Don't Spill the Beans: Zero-G Cup Lets Astronauts 'Smell the Coffee'

Astronaut Samantha Cristoforetti's 1st Cup of Coffee
European Space Agency astronaut Samantha Cristoforetti sipped espresso for the first time in space May 3, 2015, from a cup designed for low-gravity use in the cupola of the International Space Station. Researchers are building such cups to learn about fluid dynamics in space. (Image credit: Samantha Cristoforetti on Twitter)

Astronauts aboard the International Space Station are testing beverage cups that let them literally wake up and smell the coffee.

Drinking in space is a strange experience — tilting a cup to your lips will likely leave the liquid unmoved, and any disturbance can send globules of (possibly hot) liquid out into the air. Suffice it to say, drinking is generally done with a straw from a sealed container to avoid dangerous situations.

But astronauts have been testing out some strangely shaped cups that keep liquid under control well enough to contain tasty juice or scalding coffee in an open-topped container, and hold it steady even while astronauts do flips or toss the cups back and forth. [Watch: Java in Zero-G — How Space Coffee Cup Works]

"Astronauts' responses when testing out the cups so far range from 'Hey, you can smell the coffee,' to 'This is eerily like drinking on Earth,'" representatives from the American Physical Society's Division of Fluid Dynamics said in a statement. "Or, the cup simply elicits happy eruptions of laughter because the astronauts readily confess they hadn't expected it to work." The researchers presented the astronaut feedback today (Nov. 23) during the annual meeting of the American Physical Society's Division of Fluid Dynamics in Boston.

NASA astronauts Scott Kelly and Kjell Lindgren and Japanese astronaut Kimiya Yui have been kicking back hot and cold beverages in microgravity with the six prototype cups aboard the space station, made from a 3D-printed transparent polymer, as part of a research project to study how fluid dynamics work in space. Five of these cups hold 150 milliliters (5 fluid ounces) each, and one smaller one holds 60 milliliters (2 fluid ounces) — perfect for space-made espresso. The cups use a long crease to keep the liquid in line and to pull the liquid to the opening via surface tension as the astronaut sips.

"Wetting conditions and the cup's special geometry create a capillary pressure gradient that drives the liquid forward toward the face of the drinker," said Mark Weislogel, a team member on the NASA project; a senior scientist at IRPI LLC, a fluid-thermal engineering firm based in Oregon; and a mechanical engineer at Portland State University.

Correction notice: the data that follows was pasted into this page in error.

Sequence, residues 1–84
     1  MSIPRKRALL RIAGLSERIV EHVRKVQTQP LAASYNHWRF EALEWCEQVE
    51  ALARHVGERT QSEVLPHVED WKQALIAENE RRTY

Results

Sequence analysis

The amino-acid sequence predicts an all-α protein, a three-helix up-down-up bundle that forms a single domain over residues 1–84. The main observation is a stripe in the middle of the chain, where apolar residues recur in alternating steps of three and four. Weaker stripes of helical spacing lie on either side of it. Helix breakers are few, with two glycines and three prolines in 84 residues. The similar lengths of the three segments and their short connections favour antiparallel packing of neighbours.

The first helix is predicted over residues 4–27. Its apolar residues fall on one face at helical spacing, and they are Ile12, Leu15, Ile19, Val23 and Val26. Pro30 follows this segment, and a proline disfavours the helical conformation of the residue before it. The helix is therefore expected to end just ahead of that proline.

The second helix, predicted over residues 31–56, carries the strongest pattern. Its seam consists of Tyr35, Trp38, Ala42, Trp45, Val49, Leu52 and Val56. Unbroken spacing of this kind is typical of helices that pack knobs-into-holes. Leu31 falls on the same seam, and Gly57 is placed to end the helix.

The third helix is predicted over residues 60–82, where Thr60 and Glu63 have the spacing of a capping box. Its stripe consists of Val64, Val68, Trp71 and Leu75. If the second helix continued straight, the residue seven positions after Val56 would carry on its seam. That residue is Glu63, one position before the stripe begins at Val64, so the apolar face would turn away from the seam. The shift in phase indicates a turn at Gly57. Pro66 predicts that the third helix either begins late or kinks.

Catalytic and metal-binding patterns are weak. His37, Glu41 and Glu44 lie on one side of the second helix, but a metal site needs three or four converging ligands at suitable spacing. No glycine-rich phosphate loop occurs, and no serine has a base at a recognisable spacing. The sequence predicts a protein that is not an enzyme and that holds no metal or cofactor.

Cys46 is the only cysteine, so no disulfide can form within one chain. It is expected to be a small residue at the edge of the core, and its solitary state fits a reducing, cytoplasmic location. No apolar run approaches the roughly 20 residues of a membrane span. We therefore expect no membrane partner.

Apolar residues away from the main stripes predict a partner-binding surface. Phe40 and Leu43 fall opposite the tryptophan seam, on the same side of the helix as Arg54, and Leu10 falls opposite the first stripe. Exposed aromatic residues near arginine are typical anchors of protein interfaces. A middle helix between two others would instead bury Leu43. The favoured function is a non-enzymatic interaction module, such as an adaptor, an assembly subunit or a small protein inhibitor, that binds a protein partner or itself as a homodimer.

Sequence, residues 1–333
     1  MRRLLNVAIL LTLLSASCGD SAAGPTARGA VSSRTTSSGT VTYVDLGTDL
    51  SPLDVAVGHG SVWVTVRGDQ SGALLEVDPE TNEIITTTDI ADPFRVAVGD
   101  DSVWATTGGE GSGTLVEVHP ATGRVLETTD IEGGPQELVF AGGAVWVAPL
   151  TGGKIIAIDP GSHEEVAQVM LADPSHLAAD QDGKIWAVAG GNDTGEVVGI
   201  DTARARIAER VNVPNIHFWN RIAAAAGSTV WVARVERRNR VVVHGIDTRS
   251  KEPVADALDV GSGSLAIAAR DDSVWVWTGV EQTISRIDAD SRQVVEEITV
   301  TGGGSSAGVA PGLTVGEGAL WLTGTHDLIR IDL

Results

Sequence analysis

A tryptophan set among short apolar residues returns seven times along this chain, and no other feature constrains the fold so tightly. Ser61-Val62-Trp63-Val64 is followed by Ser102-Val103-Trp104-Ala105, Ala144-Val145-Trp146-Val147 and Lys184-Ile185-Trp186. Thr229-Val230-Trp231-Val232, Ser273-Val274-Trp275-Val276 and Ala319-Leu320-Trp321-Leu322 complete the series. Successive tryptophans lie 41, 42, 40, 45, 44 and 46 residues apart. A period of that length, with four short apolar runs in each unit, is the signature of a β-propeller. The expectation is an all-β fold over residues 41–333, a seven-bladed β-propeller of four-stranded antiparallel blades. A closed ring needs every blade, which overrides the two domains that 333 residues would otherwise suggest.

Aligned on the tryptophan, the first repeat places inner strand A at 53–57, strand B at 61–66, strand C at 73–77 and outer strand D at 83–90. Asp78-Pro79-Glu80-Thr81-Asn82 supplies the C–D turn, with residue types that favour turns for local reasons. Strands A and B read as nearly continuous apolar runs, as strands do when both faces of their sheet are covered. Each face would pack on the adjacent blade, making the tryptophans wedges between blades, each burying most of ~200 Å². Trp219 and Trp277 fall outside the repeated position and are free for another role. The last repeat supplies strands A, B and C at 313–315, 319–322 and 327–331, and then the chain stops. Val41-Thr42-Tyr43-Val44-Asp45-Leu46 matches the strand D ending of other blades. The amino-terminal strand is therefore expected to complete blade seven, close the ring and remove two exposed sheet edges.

"An astronaut can drain the cup in sips or one long gulp in much the same manner as on Earth … without tipping their head, without gravity," he added. "It's a stable situation — even though drinking scalding liquids from open containers while aboard the International Space Station is generally considered a safety concern," he said in the statement.

New, strangely-shaped cups take advantage of fluid dynamics in microgravity to deliver drinks to astronaut mouths. Here, the cups demonstrate siphon action. (Image credit: Weislogel)

Such cups make for a pleasant drinking experience for astronauts, and the cups' reusability helps to conserve resources. But they make up only one element of NASA's Capillary Flow Experiment. Through this project, scientists hope to learn more about the behavior of liquids in zero gravity, which, in turn, could help astronauts wrestle all different kinds of liquid systems aboard the space station.

"Management of water, liquid fuels, coolants and even drinks when the influence of gravity is negligible is a delightful challenge," Weislogel said. "If this can be accomplished passively, without moving parts, by special control of wetting properties, container shape and surface tension, we're all in. We love watching and studying the large liquid surfaces that can dominate fluid behavior in space. And if astronauts are enjoying their coffee in a richer, deeper manner than before … well, that's nice, too."

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Sarah Lewin
Associate Editor

Sarah Lewin started writing for in June of 2015 as a Staff Writer and became Associate Editor in 2019 . Her work has been featured by Scientific American, IEEE Spectrum, Quanta Magazine, Wired, The Scientist, Science Friday and WGBH's Inside NOVA. Sarah has an MA from NYU's Science, Health and Environmental Reporting Program and an AB in mathematics from Brown University. When not writing, reading or thinking about space, Sarah enjoys musical theatre and mathematical papercraft. She is currently Assistant News Editor at Scientific American. You can follow her on Twitter @SarahExplains.